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Hiring a Lawyer

This guide provides information on where to find a lawyer, how to effectively work with your lawyer, and how to resolve attorney-client disputes.

What are attorneys' fees?

Attorneys' fees refer to the compensation that attorneys charge for legal services. The cost will vary based on attorney's experience, location, and type of service. Because attorneys' fees only pay for a legal professional's time and labor, additional fees such as court costs and administrative expenses will be extra.

The most common ways that attorneys charge for their services are:

  • a flat rate;
  • an hourly rate;
  • contingency fee;
  • some combination of the above.

Before you hire an attorney, make sure you understand how their fee structure works. It's always a good idea to clarify anything you're not sure about, as this can help avoid surprises later on.

Does the law say how much a lawyer can charge?

Rule 1.04 of the Texas Disciplinary Rules of Professional Conduct has several fee-related rules that all lawyers must follow. Subsection 1.04(a) says that attorney fees must be reasonable:

(a) A lawyer shall not enter into an arrangement for, charge, or collect an illegal fee or unconscionable fee. A fee is unconscionable if a competent lawyer could not form a reasonable belief that the fee is reasonable.

What is considered "reasonable" will depend on the situation, as described in Subsection 1.04(b). According to Subsection 1.04(c), an attorney must clearly explain their rates to a new client before the charges start adding up:

(c) When the lawyer has not regularly represented the client, the basis or rate of the fee shall be communicated to the client, preferably in writing, before or within a reasonable time after commencing the representation.

If you disagree with how much you were charged, see Resolving Disputes page for several resources that may help.

What about Workers' Comp claims?

Workers' Compensation attorneys generally charge a contingency fee. This means they will receive a percentage of the benefits awarded only if they win the case. With some exceptions, the maximum fee allowed by law is 25% of the total benefits amount. This law is in Section 408.221 of the Texas Labor Code.

If income benefits are issued weekly, the percentage may be taken out of each payment. This rule is in the Texas Administrative Code, Title 28, Part 2, Chapter 152, Rule 152.1(c).

Certain benefits, such as "the value of medical and hospital benefits provided to the claimant" are excluded when calculating the attorney's fee. Texas Administrative Code, Title 28, Part 2, Chapter 152, Rule 152.2(b) lists this and other exceptions. 

What are court costs?

Court costs are expenses associated with moving the case through the court. It includes filing fees, service of process fees, and other types of expenses. The longer and more complex the lawsuit, the higher the court costs will be.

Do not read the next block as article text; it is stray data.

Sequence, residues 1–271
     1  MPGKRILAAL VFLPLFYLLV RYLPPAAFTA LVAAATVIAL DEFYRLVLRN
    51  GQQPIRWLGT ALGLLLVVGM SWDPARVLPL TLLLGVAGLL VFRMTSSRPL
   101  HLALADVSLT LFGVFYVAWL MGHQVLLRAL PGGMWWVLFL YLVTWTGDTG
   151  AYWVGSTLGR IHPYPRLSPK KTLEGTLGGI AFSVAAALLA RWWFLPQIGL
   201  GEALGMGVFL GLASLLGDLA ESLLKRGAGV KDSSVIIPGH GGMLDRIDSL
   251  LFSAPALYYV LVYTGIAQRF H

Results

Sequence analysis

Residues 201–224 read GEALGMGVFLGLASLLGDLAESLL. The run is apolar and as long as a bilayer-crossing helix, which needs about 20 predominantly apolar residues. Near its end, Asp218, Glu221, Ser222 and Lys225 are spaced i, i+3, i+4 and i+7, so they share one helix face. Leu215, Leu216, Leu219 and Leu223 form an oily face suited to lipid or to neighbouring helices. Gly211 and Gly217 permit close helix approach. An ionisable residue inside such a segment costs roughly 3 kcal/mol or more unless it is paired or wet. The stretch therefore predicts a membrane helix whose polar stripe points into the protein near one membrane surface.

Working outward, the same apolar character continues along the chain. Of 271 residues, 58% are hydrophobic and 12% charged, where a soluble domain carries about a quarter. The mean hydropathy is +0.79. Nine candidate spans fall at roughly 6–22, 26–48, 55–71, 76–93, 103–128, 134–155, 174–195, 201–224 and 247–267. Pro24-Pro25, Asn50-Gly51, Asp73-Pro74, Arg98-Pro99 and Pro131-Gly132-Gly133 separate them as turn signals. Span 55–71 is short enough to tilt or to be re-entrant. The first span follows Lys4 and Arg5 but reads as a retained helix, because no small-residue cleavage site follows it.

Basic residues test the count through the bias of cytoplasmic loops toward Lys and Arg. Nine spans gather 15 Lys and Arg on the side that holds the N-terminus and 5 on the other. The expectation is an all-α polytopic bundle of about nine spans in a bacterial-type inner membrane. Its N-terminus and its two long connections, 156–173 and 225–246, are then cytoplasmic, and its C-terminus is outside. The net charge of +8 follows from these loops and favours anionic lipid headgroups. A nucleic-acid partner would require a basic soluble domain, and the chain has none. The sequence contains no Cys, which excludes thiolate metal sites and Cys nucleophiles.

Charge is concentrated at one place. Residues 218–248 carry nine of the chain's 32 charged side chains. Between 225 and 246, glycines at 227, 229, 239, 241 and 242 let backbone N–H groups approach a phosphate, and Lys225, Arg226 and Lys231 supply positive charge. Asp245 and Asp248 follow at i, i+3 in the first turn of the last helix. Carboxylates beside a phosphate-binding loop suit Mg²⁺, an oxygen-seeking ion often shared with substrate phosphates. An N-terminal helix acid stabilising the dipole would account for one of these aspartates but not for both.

Attorneys' fees normally don't cover the court costs. If an attorney charges you on a contingent basis ("pay only if you win"), you may still have to pay for the court costs—regardless if you win or lose the case.

What if I can't afford court costs?

In a civil lawsuit, you can submit a completed Statement of Inability to Afford Payment of Court Costs when filing your case. The clerk might ask you for documentation proving your inability to pay. If you qualify, the court will waive your court costs for the duration of your case. You may have to file this form again if the case is transferred to another court. 

There is no standard inability to pay form for criminal cases. You can contact the court to see if they want you to use a particular form. Texas Appleseed has a Statement of Inability to Pay sample form that you may be able to use otherwise. 

Does the losing party have to pay?

In some cases, the losing party may be ordered to pay the winning party's attorney's fees and costs. It will depend on the specific facts of the case, the applicable laws, and judge's discretion.

What if I only need a small amount of legal services?

If you only need limited services or can't afford full representation, limited scope representation or "unbundled legal services" can be an affordable alternative. It could be a good option if you're looking for:

  • an hour or two of legal advice;
  • help with a form;
  • review of a contract;
  • help representing yourself.

There is no single list of attorneys who offer unbundled services. You may have to contact them individually to ask about limited representation. 

What if I have a simple legal question?

If you don't want to hire an attorney, a legal hotline may be able to help. Hotlines offer free legal assistance over the phone or online. They may answer simple legal questions but usually won't be able to help with complex problems or offer extended assistance.

You may have to meet certain income requirements to qualify for free services.

What if I can't afford a lawyer?

If you're facing criminal charges and can't afford an attorney, you may be eligible for a court-appointed attorney

Parties to most civil lawsuits do not qualify for court-appointed attorneys (with some exceptions). If you make below a certain income, you can apply for free legal aid or try to find a "pro bono" attorney to take your case.